MAD MEN Recap: “The Strategy”

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Mad Men is a tough show for me because at most I’ve respected it but never really enjoyed it.  Honestly, I would have bailed if we weren’t so close to the end, but I must say that this season has been quite good.  While season six was about how Don fell back into old habits (and the writer’s room looked like it had run out of ideas), the first part of season seven has done some really interesting things with its characters.  I lead with this disclaimer so you know where I’m coming from as I step in temporarily for Allison.

This week’s episode, “The Strategy” was another good step forward as Mad Men decided to show there’s really no going home again, no matter how much Burger Chef you order. Hit the jump for why “I’m just being realistic.”

John Slattery and Christina Hendricks Talk GOD’S POCKET, Working with Philip Seymour Hoffman, the End of MAD MEN, and LOST RIVER

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In the indie drama God’s Pocket, from first-time feature director John Slattery, Mickey Scarpato’s (Philip Seymour Hoffman) crazy stepson, Leon (Caleb Landry Jones), is killed in a supposed construction accident.  But when a local columnist (Richard Jenkins) comes sniffing around for the truth, Mickey finds himself stuck in a life-and-death struggle with a wife (Christina Hendricks) he just can’t please.

While at the film’s press day, writer/director John Slattery and actress Christina Hendricks, who are both co-stars on the AMC drama series Mad Men, spoke to Collider for this exclusive interview about finally getting this film to audiences, what it was like to both watch Philip Seymour Hoffman work and work with him, the collaborating filmmaking process, and going through post-production to assemble the film.  They also talked about what it’s like to be finishing up the last episodes of Mad Men and going through the experience together, and Christina Hendricks talked about working with another actor-turned-director, Ryan Gosling, on his directorial debut Lost River.  Check out what they had to say after the jump.

MAD MEN Recap: “The Runaways”

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The counterculture is in full swing, can ya dig?  If you come away with nothing else from this hour of Mad Men, “The Runaways” at least was very clear that things are crazy, man, and the times they are a-changing (and that’s where I’ll stop, I promise).  There are those who are left behind, and those are flowing with the change, and the chasm between them is growing wider.  For Don, though, it’s an opportunity.  This seventh season has shown the miracle of change for Don — but is it just adaptation?  Hit the jump, you bunch of flag-burning snots!

MAD MEN Recap: “The Monolith”

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Change is in the air at SC&P, and Mad Men‘s “The Monolith” was all about subversion.  Don asks Lloyd, the supervising engineer from Lease Tech, about who’s in control: man or machine?  At SC&P, it’s the machine, which literally boots Creative out of their collaborative space, and causes a number of office upheavals that leave Don with a choice.  Naturally, he moves backwards.  But an unexpected helper comes to propel him forward, towards the new trajectory for his, and Mad Men‘s, story.  Hit the jump for why “Harry crane took a huge dump, and we got flushed down the toilet.”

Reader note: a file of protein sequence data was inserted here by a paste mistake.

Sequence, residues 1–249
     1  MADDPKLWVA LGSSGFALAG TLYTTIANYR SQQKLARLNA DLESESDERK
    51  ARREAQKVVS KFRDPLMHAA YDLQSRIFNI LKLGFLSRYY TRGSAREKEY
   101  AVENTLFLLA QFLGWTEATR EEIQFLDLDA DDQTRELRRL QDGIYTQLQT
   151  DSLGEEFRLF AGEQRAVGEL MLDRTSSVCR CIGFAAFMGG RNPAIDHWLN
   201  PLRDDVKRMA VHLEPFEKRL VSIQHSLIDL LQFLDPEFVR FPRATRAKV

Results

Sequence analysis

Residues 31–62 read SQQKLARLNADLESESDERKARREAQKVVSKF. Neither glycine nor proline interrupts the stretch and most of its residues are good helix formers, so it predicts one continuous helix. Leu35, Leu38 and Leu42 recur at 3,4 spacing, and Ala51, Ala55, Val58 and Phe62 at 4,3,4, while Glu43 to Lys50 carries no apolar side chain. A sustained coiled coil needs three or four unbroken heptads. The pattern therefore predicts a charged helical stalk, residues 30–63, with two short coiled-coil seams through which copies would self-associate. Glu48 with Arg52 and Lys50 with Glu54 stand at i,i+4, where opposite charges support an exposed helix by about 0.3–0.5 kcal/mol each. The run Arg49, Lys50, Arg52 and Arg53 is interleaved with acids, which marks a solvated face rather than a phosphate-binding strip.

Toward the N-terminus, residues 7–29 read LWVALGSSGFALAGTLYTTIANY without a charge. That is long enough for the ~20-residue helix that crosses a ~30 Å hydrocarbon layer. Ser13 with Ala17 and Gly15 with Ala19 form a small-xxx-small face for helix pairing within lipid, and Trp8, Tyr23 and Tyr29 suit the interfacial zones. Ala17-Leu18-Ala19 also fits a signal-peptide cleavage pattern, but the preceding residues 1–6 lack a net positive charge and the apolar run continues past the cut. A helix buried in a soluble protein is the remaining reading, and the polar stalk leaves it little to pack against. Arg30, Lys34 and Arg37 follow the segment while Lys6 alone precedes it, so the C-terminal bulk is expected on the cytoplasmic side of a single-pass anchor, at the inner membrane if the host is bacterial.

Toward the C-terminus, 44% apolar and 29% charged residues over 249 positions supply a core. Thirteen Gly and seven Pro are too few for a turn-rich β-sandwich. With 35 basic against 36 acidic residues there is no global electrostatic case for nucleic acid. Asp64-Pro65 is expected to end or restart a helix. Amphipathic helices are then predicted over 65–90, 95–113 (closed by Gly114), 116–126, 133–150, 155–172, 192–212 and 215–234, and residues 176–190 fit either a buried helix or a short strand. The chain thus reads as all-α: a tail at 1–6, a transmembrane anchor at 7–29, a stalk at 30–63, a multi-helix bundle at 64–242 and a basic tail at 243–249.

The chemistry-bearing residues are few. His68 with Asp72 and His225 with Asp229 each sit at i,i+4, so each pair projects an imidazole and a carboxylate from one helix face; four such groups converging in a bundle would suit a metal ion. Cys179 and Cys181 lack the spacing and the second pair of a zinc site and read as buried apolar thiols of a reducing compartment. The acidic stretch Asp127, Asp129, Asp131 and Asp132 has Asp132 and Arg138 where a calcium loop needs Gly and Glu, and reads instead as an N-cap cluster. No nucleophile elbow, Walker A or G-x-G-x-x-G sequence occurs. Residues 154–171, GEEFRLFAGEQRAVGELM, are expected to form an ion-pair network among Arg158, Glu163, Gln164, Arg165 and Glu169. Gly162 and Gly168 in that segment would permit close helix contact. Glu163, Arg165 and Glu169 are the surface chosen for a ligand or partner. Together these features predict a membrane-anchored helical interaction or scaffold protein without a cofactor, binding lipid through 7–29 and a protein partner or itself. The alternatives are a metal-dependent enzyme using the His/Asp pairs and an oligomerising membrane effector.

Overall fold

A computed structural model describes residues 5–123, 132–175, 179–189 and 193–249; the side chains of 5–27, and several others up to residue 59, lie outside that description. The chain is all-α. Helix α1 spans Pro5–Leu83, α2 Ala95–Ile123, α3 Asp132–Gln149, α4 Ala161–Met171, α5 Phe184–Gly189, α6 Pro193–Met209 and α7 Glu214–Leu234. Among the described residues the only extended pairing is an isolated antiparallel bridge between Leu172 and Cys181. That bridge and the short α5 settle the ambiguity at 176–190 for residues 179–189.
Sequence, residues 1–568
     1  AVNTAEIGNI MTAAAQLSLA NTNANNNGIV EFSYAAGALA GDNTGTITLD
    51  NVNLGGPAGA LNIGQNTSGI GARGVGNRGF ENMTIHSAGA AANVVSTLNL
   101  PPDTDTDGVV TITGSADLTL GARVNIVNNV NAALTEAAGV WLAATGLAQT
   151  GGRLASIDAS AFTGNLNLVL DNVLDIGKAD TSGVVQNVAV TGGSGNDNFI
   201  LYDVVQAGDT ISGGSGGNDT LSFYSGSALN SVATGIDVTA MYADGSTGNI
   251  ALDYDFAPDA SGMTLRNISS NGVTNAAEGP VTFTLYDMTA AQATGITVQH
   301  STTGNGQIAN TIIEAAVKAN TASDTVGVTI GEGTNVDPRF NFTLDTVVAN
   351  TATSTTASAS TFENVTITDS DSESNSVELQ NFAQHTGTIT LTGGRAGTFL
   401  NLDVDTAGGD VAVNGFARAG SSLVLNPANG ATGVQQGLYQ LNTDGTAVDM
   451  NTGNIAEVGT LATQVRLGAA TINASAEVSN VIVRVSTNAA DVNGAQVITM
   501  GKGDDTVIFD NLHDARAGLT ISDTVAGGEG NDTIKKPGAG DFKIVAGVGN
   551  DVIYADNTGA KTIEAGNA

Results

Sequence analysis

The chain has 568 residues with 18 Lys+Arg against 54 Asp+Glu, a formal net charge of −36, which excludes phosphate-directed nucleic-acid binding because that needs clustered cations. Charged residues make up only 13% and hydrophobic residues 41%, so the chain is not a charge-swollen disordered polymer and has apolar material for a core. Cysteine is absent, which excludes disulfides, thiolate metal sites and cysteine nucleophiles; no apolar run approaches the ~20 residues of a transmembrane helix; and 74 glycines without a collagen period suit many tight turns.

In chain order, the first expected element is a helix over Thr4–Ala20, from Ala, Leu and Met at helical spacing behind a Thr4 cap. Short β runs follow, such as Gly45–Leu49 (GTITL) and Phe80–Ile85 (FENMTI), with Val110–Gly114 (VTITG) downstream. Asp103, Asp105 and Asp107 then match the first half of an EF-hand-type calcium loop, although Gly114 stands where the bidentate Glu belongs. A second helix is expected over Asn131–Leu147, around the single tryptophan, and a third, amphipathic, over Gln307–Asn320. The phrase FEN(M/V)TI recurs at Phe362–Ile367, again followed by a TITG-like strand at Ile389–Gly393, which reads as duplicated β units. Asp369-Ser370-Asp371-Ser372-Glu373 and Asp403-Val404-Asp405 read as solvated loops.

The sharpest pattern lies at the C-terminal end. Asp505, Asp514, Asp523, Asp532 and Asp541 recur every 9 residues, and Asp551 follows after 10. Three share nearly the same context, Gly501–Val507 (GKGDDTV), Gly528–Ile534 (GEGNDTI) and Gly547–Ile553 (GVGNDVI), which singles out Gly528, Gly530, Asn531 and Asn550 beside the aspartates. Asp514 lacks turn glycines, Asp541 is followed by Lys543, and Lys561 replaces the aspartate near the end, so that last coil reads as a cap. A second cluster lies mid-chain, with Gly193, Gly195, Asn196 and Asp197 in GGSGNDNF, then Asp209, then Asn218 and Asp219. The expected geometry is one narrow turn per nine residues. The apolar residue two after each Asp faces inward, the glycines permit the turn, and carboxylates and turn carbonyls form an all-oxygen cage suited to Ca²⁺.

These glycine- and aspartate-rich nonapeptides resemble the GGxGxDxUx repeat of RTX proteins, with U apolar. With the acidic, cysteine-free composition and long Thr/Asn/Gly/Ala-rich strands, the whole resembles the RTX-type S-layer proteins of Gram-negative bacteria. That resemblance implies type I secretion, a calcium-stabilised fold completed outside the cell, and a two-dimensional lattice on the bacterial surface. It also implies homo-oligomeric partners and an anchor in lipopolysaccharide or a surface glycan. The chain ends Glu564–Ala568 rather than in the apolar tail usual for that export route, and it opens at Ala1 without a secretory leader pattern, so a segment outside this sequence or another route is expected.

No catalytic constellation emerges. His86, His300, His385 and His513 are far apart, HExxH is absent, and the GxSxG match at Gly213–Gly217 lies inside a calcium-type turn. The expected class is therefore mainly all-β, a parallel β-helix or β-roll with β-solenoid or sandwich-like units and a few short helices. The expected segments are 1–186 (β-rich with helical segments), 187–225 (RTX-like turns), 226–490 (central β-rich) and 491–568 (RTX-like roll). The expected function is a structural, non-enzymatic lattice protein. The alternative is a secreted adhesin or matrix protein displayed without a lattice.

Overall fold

MAD MEN Recap: “Field Trip”

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“Do you think I’m a good mother? Then why don’t they love me?”  In “Field Trip,” it’s Betty who utters those words.  But truthfully, with a little arranging and substitution, it could have been almost anybody.  Megan has tried to be a faithful wife to Don, but that hasn’t amounted to much.  Don isn’t exactly received with open arms back at the firm, and Peggy, who has tried just about everything to be liked as well as respected has ended up with neither.  In many ways, “Field Trip” was an episode that felt negative, but there are still tinges of hope.  It may not be quite like how we pictured it, but sometimes you’re just walking a cloud of no.  Hit the jump for why your self-pity is distasteful (are you aware?).

Jared Harris Talks THE QUIET ONES, Auditioning, Keeping Up with MAD MEN, THE MAN FROM U.N.C.L.E., POLTERGEIST, THE BOXTROLLS, and More

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Opening this weekend is director John Pogue’s supernatural horror film The Quiet Ones.  The period pic stars Jared Harris as an unorthodox professor who sets up a series of dangerous experiments in order to explore the dark energy manifested by the damaged psyche of a young girl.  Naturally, things don’t go well.  The film also stars Sam Claflin, and Olivia Cooke.  Erin Richards and Rory Fleck-Byrne.  For more on The Quiet Ones, check out some creepy motion postersthe trailer, and all our previous coverage.

At the Los Angeles press day, I landed an exclusive interview with Harris.  He talked about making the film, whether he still has to audition for a role, Mad Men and his thoughts on this current season, Guy Ritchie‘s The Man From U.N.C.L.E., the Poltergeist remake and what it was like working with Sam Rockwell, voicing a character on Laika’s The Boxtrolls, and a lot more.  Hit the jump for what he had to say.

MAD MEN Recap: “A Day’s Work”

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After a subdued premiere, “A Day’s Work” was possibly one of the most positive and gratifying Mad Men episodes in a long while.  One of the major, ongoing frustrations with the show for many viewers is a lack of redemption, particularly regarding Don.  “A Day’s Work” starts out with things looking grim — Don looks at a bottle, after spending an afternoon eating Ritz crackers and watching TV, as a roach scurries across the floor.  He’s dressed up with nowhere to go, as Dawn drops off some files and some tidbits from the office.  But things are not as they seem.  Hit the jump for why I don’t want you going to funerals.